These bodies stayed imprinted in our heads long after the credits rolled.Read article
Just about every bodybuilder getting ready for a contest starts cutting back on carbs to lose weight. Some people follow the Zone Diet approach that advocates a moderate restriction in carbs to enhance weight loss, while others advocate more extreme reductions in carbohydrates. Researchers took 30 obese subjects and randomly assigned them to consume either a calorie restricted high-carbohydrate diet (60–65% of energy from carbohydrates and 20–25% from fats) or a calorie-restricted moderately restricted carbohydrate diet (43– 47% of total calories as carbohydrate and 36–40% as dietary fats) for six weeks. Protein contents of both diets were 15–17% of total energy. A two-week washout period was applied, following which participants were crossed over to the alternate treatment arm for an additional six weeks. Anthropometric, blood pressure, and biochemical measurements were performed before and after each phase of intervention.
At the end of the study, both groups lost almost exactly the same amount of body weight; they also gained the same ~800g of lean mass and lost 1.3kg of body fat.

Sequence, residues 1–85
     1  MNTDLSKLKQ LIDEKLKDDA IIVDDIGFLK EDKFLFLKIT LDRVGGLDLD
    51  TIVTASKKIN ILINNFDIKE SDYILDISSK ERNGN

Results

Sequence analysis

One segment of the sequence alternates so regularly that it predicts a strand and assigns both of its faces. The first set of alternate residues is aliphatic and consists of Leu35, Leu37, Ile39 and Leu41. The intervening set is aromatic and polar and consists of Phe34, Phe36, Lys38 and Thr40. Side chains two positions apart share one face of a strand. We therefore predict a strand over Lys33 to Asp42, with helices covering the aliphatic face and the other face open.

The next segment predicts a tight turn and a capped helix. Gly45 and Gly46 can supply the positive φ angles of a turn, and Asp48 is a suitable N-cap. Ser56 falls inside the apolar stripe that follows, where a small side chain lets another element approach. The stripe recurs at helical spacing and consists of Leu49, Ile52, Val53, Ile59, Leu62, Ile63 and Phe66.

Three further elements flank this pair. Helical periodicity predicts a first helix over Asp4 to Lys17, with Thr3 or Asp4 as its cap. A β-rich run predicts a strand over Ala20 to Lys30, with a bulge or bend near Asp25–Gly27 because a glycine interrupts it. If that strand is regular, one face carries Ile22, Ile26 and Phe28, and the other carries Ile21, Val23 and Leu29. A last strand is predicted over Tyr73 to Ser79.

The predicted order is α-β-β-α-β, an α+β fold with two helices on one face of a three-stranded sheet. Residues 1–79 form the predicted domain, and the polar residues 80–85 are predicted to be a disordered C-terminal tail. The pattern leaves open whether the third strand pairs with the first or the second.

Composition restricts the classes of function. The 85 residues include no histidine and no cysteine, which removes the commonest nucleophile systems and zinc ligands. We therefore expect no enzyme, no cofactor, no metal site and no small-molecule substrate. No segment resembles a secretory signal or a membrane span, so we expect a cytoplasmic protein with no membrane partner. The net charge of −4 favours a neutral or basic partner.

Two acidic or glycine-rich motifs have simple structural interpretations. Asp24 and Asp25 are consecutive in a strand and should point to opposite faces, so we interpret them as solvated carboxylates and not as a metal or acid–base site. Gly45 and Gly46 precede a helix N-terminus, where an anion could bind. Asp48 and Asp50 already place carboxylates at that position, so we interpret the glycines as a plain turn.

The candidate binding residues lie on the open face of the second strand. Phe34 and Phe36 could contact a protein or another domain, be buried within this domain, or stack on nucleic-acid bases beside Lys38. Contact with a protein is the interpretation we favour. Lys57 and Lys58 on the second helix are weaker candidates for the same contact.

In sum, the 40% reduction in carbs, compared with the 60% reduction in carbohydrate intake, didn’t result in a difference in overall weight loss, but there was a trend toward greater reduction in waist circumference in the 40% restricted group. The 40% carbohydrate group wasn’t associated with different changes in fasting plasma glucose, insulin, or cardiovascular risk profiles. However, it resulted in decreased diastolic blood pressure and lower prevalence of the metabolic syndrome (i.e., the group of risk factors that raises your risk for heart disease and other health problems, such as diabetes and stroke). So if you’re dieting, it looks like a moderate replacement carb diet isn’t going to make a difference—you’re going to have to at least drop carbs more than 35% to make a noticeable difference in weight loss. – FLEX